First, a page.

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Ankara Shows Signs of Battling IS, But Doubts Remain

U. S. Defense Secretary Ash Carter addresses the U.S. troops at the Incirlik Air Base near Adana, Turkey, Dec. 15, 2015.

During his visit to Turkey this week, U.S. Defense Secretary Ash Carter pressed Ankara to do more to control a 98-kilometer strip along its border with Syria. While Ankara is starting to take steps, questions remain over its commitment to crack down on Islamic State.

Secretary Carter said Turkey has an enormous role to play and that controlling its border is the most important contribution it can make in the war against IS.

Ankara has faced strong pressure from its allies to seal the frontier that borders Syrian territory under IS control.

Earlier this month, Ankara declared the region under emergency rule, a move Semih Idiz, a political columnist with Cumhuriyet newspaper, says signals that international pressure is working.

"It's a change of policy, because there is a lot of pressure from the West, from its [Turkey's] closest allies, [that] this border must be sealed. Turkey sees it has no other option but to do so. But one also can question, 'well, if this was possible to do, why wasn't it done before', and I think many people will be asking [that]," said Idiz.

Russian allegations

After Turkey shot down a Russian warplane along the Syrian-Turkish border late last month, Russian defense officials presented what they claimed was proof that Turkey is involved in illegal oil trade with IS. They also accused - without offering evidence - top Turkish officials, including President Recep Tayyip Erdogan and members of his family, of complicity in that trade.

Erdogan dismissed the allegations as "slander," but President Vladimir Putin subsequently claimed that "industrial volumes" of oil from Syrian oil fields controlled by IS and other terrorist groups were entering Turkey, and that the Russian plane was shot down to protect "the security of these oil supply routes to Turkey."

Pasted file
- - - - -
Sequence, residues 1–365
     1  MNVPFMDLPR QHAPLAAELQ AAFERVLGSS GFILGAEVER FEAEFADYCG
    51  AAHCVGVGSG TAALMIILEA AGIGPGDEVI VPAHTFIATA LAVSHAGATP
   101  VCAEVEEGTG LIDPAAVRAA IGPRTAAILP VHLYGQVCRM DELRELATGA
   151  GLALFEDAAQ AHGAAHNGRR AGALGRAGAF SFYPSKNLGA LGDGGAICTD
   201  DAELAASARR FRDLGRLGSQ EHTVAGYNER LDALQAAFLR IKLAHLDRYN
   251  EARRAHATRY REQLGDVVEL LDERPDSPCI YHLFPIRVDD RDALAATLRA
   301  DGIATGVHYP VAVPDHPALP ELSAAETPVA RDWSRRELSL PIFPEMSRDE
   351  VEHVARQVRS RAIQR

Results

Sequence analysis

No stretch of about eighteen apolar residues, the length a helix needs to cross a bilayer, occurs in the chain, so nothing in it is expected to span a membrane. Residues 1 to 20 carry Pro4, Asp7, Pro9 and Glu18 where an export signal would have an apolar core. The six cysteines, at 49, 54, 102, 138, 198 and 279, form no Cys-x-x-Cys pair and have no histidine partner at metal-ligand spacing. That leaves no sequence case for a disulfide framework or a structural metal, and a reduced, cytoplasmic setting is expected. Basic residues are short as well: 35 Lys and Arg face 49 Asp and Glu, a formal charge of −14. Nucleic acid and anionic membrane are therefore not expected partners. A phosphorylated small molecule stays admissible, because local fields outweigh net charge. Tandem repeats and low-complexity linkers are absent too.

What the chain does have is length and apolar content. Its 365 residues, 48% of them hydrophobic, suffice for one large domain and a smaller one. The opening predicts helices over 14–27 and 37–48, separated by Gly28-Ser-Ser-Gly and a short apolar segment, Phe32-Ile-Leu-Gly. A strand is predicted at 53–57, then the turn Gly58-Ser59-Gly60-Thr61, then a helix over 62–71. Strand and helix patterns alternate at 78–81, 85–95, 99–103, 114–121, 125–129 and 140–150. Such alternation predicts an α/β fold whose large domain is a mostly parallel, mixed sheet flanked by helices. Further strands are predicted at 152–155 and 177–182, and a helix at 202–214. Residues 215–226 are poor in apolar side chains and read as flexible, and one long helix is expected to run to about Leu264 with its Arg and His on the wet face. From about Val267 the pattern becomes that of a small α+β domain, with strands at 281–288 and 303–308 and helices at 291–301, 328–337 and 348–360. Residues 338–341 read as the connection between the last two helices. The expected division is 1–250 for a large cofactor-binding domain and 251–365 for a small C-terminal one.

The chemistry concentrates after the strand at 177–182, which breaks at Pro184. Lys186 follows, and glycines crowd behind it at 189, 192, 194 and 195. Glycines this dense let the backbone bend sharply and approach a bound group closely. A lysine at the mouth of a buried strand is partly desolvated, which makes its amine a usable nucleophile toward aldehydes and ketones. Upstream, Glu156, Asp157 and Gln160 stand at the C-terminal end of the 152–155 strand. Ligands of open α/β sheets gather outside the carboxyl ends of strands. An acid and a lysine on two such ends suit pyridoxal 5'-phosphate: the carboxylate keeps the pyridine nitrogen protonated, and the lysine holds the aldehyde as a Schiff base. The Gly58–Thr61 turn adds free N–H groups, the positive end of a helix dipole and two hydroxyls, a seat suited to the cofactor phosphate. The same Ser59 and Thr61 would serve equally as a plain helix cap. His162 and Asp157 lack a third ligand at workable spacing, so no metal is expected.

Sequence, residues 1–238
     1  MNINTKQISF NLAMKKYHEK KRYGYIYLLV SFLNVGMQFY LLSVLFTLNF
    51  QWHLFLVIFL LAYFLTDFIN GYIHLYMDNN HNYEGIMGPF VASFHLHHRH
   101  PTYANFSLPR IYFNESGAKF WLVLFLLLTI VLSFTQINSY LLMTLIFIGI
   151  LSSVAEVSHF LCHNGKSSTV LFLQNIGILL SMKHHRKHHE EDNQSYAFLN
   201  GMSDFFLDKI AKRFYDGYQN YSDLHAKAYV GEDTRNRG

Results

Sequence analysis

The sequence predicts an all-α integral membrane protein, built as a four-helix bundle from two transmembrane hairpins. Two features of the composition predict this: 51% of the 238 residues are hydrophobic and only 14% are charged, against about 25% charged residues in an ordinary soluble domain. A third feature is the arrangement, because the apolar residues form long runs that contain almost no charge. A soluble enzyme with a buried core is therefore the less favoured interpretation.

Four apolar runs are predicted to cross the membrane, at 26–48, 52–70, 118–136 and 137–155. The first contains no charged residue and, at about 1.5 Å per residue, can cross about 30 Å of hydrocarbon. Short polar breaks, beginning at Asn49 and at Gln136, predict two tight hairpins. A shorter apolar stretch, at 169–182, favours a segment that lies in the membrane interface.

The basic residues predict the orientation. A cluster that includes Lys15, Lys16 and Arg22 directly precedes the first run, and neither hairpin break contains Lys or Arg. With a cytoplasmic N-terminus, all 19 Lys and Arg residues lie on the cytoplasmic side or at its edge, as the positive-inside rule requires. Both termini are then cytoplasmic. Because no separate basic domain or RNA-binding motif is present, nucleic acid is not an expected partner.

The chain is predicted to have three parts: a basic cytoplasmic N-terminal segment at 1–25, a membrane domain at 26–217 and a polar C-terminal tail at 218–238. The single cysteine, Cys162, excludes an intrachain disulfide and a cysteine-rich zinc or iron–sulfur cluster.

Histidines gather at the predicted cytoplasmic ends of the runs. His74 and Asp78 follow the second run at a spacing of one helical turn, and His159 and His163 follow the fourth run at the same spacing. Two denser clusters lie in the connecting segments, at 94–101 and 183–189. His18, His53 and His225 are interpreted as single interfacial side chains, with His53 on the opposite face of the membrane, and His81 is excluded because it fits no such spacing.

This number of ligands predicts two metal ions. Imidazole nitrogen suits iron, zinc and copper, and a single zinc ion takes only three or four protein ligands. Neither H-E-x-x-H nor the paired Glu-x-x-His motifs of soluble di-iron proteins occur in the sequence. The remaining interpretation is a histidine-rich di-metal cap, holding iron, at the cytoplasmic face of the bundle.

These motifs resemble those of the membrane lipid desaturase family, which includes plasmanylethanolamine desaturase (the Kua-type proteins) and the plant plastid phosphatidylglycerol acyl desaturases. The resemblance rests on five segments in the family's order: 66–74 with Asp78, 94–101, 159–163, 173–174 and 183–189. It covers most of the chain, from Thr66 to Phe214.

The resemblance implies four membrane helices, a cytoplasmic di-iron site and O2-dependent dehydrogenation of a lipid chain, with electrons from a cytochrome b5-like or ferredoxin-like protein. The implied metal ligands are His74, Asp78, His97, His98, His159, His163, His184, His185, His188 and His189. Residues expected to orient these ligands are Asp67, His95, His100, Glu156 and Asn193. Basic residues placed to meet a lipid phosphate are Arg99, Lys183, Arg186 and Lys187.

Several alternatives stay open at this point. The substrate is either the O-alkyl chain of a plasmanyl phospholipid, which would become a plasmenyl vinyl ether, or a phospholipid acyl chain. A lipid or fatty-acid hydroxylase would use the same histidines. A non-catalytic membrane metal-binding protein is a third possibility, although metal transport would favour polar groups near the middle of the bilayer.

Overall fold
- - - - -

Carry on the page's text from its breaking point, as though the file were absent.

The United States has dismissed the Russian allegations of Turkish government complicity in trading IS oil. However, top U.S. officials have said Turkey must do more to close a 98-kilometer section of its border with Syria, with President Barack Obama saying that corridor is still being used by IS as "a transit point for foreign fighters" and to ship out "fuel for sale that helps finance their terrorist activities."


Turkish security forces are reported to have stepped up their overall cooperation with their Western counterparts. Earlier this week, a Syrian man was detained after he was suspected of planning a suicide attack on a U.S. diplomatic target in Turkey.

Despite these efforts, Atilla Yesilada, a consultant for Global Source Partners, says questions remain over the ruling AKP party’s commitment to the fight against Islamic State.

"The flow of jihadis and supplies towards ISIS has lessened because of stricter border controls. But nothing has been done to dis-entangle the widespread ISIS network. AKP needs to go after ISIS sympathizers, recruiters and financial aid gatherers in Turkey. I am afraid AKP is unwilling to take that step, [because] it's going to involve, to certain extent, its conservative base," said Yesilada.

Such concerns, observer say, can only add to the debate among Turkey’s Western allies over whether , when it comes to Islamic State, Ankara is part of the solution or part of the problem.

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